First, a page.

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Mortality of emergency abdominal surgery in high-, middle- and low-income countries

GlobalSurg Collaborative

Authors



Abstract

Background: Surgical mortality data are collected routinely in high-income countries, yet virtually no low- or middle-income countries have outcome surveillance in place. The aim was prospectively to collect worldwide mortality data following emergency abdominal surgery, comparing findings across countries with a low, middle or high Human Development Index (HDI).
Methods: This was a prospective, multicentre, cohort study. Self-selected hospitals performing emergency surgery submitted prespecified data for consecutive patients from at least one 2-week interval during July to December 2014. Postoperative mortality was analysed by hierarchical multivariable logistic regression.
Results: Data were obtained for 10 745 patients from 357 centres in 58 countries; 6538 were from high-, 2889 from middle- and 1318 from low-HDI settings. The overall mortality rate was 1⋅6 per cent at 24 h (high 1⋅1 per cent, middle 1⋅9 per cent, low 3⋅4 per cent; P < 0⋅001), increasing to 5⋅4 per cent by 30 days (high 4⋅5 per cent, middle 6⋅0 per cent, low 8⋅6 per cent; P < 0⋅001). Of the 578 patients who died, 404 (69⋅9 per cent) did so between 24 h and 30 days following surgery (high 74⋅2 per cent, middle 68⋅8 per cent, low 60⋅5 per cent). After adjustment, 30-day mortality remained higher in middle-income (odds ratio (OR) 2⋅78, 95 per cent c.i. 1⋅84 to 4⋅20) and low-income (OR 2⋅97, 1⋅84 to 4⋅81) countries. Surgical safety checklist use was less frequent in low- and middle-income countries, but when used was associated with reduced mortality at 30 days.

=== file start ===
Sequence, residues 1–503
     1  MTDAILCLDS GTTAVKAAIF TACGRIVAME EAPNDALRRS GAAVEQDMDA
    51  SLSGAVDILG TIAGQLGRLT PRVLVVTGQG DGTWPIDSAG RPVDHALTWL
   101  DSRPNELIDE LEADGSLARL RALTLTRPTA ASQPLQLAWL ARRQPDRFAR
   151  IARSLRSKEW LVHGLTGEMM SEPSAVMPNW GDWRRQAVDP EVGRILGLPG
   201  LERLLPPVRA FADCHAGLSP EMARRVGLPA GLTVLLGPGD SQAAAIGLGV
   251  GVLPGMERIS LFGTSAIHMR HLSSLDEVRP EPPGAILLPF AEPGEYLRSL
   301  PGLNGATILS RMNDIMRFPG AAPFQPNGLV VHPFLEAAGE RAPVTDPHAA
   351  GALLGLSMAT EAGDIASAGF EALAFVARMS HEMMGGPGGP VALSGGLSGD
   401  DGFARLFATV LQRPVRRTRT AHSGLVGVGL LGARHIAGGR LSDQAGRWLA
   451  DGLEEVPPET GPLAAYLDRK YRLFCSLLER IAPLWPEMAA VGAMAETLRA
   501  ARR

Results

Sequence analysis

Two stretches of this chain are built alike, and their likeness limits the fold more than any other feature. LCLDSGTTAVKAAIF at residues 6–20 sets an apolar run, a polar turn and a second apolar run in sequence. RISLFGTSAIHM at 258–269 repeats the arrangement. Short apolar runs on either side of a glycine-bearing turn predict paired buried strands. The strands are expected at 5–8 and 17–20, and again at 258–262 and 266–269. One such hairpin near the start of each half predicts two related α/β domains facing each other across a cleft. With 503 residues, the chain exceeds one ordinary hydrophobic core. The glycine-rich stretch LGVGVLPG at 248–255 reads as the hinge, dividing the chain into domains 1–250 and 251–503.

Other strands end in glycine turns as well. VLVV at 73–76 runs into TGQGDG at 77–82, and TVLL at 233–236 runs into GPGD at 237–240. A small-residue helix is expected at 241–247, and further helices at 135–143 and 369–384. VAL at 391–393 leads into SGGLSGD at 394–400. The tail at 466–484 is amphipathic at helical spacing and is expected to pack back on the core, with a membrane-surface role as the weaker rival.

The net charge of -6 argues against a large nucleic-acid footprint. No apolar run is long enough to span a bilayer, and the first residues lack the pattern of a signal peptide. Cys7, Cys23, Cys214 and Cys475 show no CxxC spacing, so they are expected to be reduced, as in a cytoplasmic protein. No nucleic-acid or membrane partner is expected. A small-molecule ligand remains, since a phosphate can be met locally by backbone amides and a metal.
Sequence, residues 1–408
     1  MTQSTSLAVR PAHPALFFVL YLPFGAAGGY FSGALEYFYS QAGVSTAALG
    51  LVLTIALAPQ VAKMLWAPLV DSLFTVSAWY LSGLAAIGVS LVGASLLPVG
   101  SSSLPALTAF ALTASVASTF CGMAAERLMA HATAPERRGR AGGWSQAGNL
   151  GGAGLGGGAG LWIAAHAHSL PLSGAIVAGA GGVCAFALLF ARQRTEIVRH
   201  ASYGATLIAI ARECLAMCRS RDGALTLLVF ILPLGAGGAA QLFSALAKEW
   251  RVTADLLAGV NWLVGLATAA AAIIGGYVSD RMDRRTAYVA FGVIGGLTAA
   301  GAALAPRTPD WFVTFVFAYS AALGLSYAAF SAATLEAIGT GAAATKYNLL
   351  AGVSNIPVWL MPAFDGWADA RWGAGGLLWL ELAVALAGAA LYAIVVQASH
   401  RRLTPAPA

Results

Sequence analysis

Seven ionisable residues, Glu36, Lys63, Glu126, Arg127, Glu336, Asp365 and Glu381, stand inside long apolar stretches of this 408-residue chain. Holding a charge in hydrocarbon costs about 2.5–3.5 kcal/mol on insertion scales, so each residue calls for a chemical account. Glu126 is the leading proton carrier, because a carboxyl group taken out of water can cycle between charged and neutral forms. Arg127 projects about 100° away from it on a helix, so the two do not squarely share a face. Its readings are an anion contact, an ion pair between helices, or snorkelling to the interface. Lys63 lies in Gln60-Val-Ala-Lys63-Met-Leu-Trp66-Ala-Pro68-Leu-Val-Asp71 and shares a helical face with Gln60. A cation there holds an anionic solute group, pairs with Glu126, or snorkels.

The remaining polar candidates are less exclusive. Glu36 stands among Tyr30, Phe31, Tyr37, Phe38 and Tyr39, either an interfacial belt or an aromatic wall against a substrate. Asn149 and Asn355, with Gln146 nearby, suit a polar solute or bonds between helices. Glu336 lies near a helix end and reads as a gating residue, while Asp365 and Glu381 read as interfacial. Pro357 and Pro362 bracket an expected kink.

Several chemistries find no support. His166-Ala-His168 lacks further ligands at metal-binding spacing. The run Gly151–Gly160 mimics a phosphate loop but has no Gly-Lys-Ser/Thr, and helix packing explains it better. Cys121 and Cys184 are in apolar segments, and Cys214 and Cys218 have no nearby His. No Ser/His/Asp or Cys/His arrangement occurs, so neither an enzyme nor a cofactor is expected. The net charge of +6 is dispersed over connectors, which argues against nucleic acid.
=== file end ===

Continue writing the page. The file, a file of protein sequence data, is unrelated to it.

Conclusion: Mortality is three times higher in low- compared with high-HDI countries even when adjusted for prognostic factors. Patient safety factors may have an important role. Registration number: NCT02179112 (http://www.clinicaltrials.gov).

Citation

GlobalSurg Collaborative, . (2016). Mortality of emergency abdominal surgery in high-, middle- and low-income countries. British Journal of Surgery, 103(8), doi:10.1002/bjs.10151

Journal Article Type Article
Acceptance Date Feb 10, 2016
Online Publication Date May 4, 2016
Publication Date Jul 31, 2016
Deposit Date May 12, 2017
Journal British Journal of Surgery
Print ISSN 0007-1323
Electronic ISSN 0007-1323
Publisher Wiley
Peer Reviewed Peer Reviewed
Volume 103
Issue 8
DOI https://doi.org/10.1002/bjs.10151
Public URL http://eprints.nottingham.ac.uk/id/eprint/42807
Publisher URL http://onlinelibrary.wiley.com/doi/10.1002/bjs.10151/abstract
Copyright Statement Copyright information regarding this work can be found at the following address: http://eprints.nottingham.ac.uk/end_user_agreement.pdf